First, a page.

where hr is the height of the tag antenna and ht is the height of the reader antenna above the surface. Given a specified tag turn on power of 0.3 μW, one can successfully estimate the reader to tag distance by using Equations 11 and 12. FIG. 4 shows a graph of received signal strength at reader from tag versus reader to tag distance for given tag antenna gain range of 0.1 dBi to 10.1 dBi. In FIG. 4, the values used in equations 11 and 12 for the specified model are Pt=20 dBm, Gr=18 dBi, Gt=0.1:1:10.1, ƒ=2.45 GHz, p=1.0, N=2, NB=4, Ro=55.2 m, hr=1.3 m and ht=1.3 m. These values are suitable for a SAW based RFID system operating in a field environment and antennas close to the surface. Examining FIG. 4, in some embodiments of the invention, a maximum operating range for the 6 dBi tag antenna present in the single patch antenna may be approximately 28 feet. Further field tests have validated this model and proven that a simple signal strength measurement could yield tag range accurately in simple environments.

Signal pattern matching or signal correlation is another measurement determined by the reader that may be used to calculate the maximum correlation. Signal correlation is performed by over-sampling the received radio frequency wave 155. The oversampled values of the RF wave 155 are averaged at the information subsystem connected to the reader for the purpose of redundancy. The averaging function is performed so as to produce the maximum correlation. Maximum correlation may be defined as a stringent comparison of the ideal tag response as compared to the received tag responses. For each SAW RFID tag, the ideal tag response is a known constant value. Every deviation from the ideal tag response is generally quite unique in nature and is often caused by environmental randomness. However, it is noticed that the ideal maximum correlation of 1.0 reduces as the tag travels further from the reader or away from the normal incidence. Thus, these factors should be taken into consideration when considering location of the tag.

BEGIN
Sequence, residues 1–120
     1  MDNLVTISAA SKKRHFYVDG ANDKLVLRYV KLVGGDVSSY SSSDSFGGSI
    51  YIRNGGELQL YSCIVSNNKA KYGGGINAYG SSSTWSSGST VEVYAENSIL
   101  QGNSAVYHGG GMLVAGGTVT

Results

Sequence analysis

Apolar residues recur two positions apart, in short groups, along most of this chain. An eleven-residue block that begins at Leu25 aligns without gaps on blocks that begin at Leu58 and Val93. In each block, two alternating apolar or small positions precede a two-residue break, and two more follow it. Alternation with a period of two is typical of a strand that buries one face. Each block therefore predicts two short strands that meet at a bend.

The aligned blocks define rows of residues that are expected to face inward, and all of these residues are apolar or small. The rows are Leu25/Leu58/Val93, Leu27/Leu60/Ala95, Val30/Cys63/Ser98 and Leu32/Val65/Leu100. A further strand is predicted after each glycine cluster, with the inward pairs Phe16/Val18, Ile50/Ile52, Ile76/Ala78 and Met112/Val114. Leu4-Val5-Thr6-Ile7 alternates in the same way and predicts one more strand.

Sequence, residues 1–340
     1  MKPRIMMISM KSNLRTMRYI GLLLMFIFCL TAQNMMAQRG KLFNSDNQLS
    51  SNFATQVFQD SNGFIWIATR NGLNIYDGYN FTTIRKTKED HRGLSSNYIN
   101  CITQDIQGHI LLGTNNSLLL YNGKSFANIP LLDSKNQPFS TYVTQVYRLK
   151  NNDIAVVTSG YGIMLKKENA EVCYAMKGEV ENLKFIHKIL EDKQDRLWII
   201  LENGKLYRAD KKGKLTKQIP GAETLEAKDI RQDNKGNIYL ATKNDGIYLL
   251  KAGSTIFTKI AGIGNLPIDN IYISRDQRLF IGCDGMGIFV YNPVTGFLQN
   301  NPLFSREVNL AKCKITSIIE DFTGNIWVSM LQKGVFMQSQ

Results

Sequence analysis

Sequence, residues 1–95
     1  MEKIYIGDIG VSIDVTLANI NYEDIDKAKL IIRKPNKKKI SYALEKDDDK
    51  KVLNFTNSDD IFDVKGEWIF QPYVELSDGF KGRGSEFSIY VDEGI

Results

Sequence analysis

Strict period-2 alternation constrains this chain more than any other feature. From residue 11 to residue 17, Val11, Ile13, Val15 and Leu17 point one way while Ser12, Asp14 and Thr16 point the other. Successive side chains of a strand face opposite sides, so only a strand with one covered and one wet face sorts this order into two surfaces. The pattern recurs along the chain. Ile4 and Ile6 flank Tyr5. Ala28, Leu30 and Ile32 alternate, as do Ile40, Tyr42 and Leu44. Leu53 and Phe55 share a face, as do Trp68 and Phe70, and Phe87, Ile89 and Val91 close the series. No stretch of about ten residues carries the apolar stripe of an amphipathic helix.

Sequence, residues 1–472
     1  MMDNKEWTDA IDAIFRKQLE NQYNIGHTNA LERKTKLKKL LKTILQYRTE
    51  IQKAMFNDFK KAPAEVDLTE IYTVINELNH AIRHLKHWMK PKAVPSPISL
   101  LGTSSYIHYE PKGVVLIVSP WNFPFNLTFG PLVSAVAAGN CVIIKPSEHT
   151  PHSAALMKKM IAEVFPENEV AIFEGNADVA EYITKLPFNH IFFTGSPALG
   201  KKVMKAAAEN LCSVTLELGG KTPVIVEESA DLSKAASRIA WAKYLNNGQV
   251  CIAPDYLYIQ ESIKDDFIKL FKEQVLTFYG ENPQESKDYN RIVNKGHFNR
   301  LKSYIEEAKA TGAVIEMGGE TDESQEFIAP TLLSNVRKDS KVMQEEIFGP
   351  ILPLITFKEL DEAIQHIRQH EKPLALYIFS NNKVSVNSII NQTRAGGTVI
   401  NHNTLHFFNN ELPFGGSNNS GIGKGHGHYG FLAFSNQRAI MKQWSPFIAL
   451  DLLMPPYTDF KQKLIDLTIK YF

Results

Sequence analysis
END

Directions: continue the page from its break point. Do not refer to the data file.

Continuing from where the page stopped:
As mentioned above, maximum correlation is a stringent pattern matching, done to identify similarities between the received tag response and the ideal tag response. Determination of maximum correlation takes into account received signal strength and, to a limited extent, other environmental factors. Maximum correlation also gives information on the comparative distance of the tag from the line-of-sight (LOS) of the reader (see FIG. 5) and also the relative speed of the tags movement. If the tag moves in the same direction as the reader and at a higher angular velocity than the reader, the width of the impulse spike sent by the reader is perceived to be smaller than expected by the tag. The maximum correlation calculation takes into consideration the initial conditions of the tag and also the reader movements. This is because the tag velocity vectors normal to the LOS of the reader need to be considered along with initial conditions.

In accordance with some embodiments of the invention, the tag location may be regarded as a probability arc around the reader. The probability arc may be defined by the maximum correlation and reader LOS as well as reader movement because the reader is rotating counter-clockwise (see FIG. 5). The probability arc allows the assumptions that the tags pattern is known and that the environment is somewhat ideal. Experiments tend to show that although the environment does play some role, maximum correlation values are fairly consistent. Equation 13 is used to model the probability Ptag that the tag is at a point in 2D space given it was read with a certain maximum correlation value:


P tag≅MC·e1-MC  (13)

where, MC is the maximum correlation of the tag. Using this and the TOF information to calculate the range, the analysis is conducted to show the probability arc for a system normalized for a reader moving with 360 degree counter-clockwise rotation.